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4.3 out of 5 stars
4.3 out of 5 stars
Noble Conflict
Format: Hardcover|Change
Price:£12.99+ Free shipping with Amazon Prime

on 3 September 2015
Set in a dystopia world we learn about the origin of the Alliance through history extracts at the beginning of certain chapters. These extracts add touching moments to the narrative and help to illustrate the themes of the book.

The reader is launched straight into the conflict between the Alliance and the Insurgents. This makes you question why this conflict is occurring and who are the key players, so you become absorbed by the story as you try to fit the pieces together.

This is what Noble Conflict is all about – putting the conflict frist. There may be a hint of a relationship, but it is a supplementary plot – friendship and doing the right thing are important here. Noble Conflict focuses on creating suspense and action, leaving little time for character development.

Personally, Kasper did not seem a likeable character, he appeared to be naive and unwilling to take a step back; as well as never really learning from his mistakes – which as a guardian is a major flaw. Also insights into his relationships with the other characters – the other guardians, Mac and Rhea- were limited. Moreover I could have felt more sympathy for Kasper in the final scenes if I had known more about Kasper’s relationship with his parents.

Rhea, on the other hand, was a more interesting character. While information about Rhea is limited, it is her mystery which appeals to the reader.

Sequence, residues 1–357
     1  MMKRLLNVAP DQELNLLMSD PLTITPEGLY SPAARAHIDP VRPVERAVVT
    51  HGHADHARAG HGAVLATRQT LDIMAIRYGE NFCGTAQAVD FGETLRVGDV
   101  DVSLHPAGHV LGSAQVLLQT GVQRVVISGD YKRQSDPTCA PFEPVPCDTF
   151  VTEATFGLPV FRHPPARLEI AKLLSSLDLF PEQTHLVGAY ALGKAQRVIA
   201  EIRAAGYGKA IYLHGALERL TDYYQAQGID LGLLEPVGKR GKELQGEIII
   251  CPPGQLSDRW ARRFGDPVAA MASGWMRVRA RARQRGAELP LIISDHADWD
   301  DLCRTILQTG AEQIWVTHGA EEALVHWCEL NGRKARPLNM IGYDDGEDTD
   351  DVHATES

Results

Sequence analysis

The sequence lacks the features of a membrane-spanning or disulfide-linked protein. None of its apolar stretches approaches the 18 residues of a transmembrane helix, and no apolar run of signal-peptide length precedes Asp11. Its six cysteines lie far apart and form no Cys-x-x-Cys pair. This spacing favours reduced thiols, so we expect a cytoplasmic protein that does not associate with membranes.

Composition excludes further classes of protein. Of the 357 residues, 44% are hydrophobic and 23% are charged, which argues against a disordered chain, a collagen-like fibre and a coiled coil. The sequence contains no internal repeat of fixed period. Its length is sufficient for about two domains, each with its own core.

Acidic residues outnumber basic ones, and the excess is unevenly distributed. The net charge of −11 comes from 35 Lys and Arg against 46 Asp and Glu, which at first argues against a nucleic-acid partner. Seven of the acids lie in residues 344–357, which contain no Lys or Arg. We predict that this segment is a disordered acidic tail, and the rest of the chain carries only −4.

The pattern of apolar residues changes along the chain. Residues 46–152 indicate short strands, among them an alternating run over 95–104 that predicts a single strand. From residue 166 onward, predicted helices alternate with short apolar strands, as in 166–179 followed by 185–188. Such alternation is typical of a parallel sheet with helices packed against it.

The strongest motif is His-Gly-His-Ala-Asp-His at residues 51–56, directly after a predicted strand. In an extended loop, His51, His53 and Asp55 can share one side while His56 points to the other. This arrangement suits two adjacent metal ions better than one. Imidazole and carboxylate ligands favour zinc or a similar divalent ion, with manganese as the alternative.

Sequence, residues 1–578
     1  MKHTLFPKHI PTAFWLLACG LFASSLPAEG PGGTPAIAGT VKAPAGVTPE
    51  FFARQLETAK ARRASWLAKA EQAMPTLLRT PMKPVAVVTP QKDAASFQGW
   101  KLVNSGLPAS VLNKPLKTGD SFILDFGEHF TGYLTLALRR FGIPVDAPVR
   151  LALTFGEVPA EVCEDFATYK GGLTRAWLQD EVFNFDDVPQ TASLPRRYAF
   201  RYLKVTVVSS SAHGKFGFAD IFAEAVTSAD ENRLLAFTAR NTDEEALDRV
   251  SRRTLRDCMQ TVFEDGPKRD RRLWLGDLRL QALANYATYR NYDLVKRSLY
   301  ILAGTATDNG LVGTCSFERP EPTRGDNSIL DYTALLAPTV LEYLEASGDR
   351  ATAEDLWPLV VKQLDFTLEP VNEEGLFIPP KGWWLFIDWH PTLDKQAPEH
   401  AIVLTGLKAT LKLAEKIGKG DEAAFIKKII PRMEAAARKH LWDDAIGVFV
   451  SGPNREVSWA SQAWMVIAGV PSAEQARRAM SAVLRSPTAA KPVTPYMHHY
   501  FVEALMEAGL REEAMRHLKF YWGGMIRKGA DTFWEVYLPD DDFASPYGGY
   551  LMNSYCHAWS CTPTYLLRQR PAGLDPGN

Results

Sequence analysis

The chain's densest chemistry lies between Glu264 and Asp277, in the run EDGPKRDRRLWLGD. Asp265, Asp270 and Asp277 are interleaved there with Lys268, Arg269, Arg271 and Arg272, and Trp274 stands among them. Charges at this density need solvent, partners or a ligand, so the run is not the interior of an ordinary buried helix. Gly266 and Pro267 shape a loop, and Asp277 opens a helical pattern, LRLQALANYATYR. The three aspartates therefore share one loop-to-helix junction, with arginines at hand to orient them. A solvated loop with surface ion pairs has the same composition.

Noble Conflict is written with such detail that it is easy to imagine the world Kasper lives in. This enables Blackman to provide thought-provoking material, while being an interesting read.

Readers of Malorie Blackman should enjoy this book, however if you are new to this author I suggest you start of by reading the superb Noughts and Crosses series.
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on 17 July 2017
The book is amazing and Malory Blackman illustrates it very well. This book is definitely worth reading and after you shold read more of Malory Blackman.
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on 7 July 2013
Yet another totally gripping, epic and amazing work from Malorie Blackman. I cannot recommend this enough to all readers who love Dystopian literature and, in fact, to anyone who loves to read at all! Following the War to end all wars the Alliance are protecting their lands and people by employing a force of highly trained Guardians as a peacekeeping force. Kaspar joins the Guardians following in his parents' footsteps in his wish to protect his fellow citizens from the attacks by the Insurgents from the Badlands. However soon Kaspar begins to suspect that all he has been told about their history and wish to live in peace is not absolutely true. The more he is sucked into trying to understand what has really happened to the Alliance citizens and the Insurgents, the more danger he finds himself in. A really powerful and well written story you won't be able to put down!!!
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In a future where nuclear explosions caused shifts in the earth's tectonic plates and made large areas of land uninhabitable society has been split in two. You have the Alliance who have built a protective city to keep their citizens safe, they are all about peace and want to live in harmony but they are under constant attack from the Crusaders who want to steal their city. The Crusaders are the ones who caused the devastation to the land and their actions forced them into a nomadic lifestyle where they are struggling to survive in the dessert.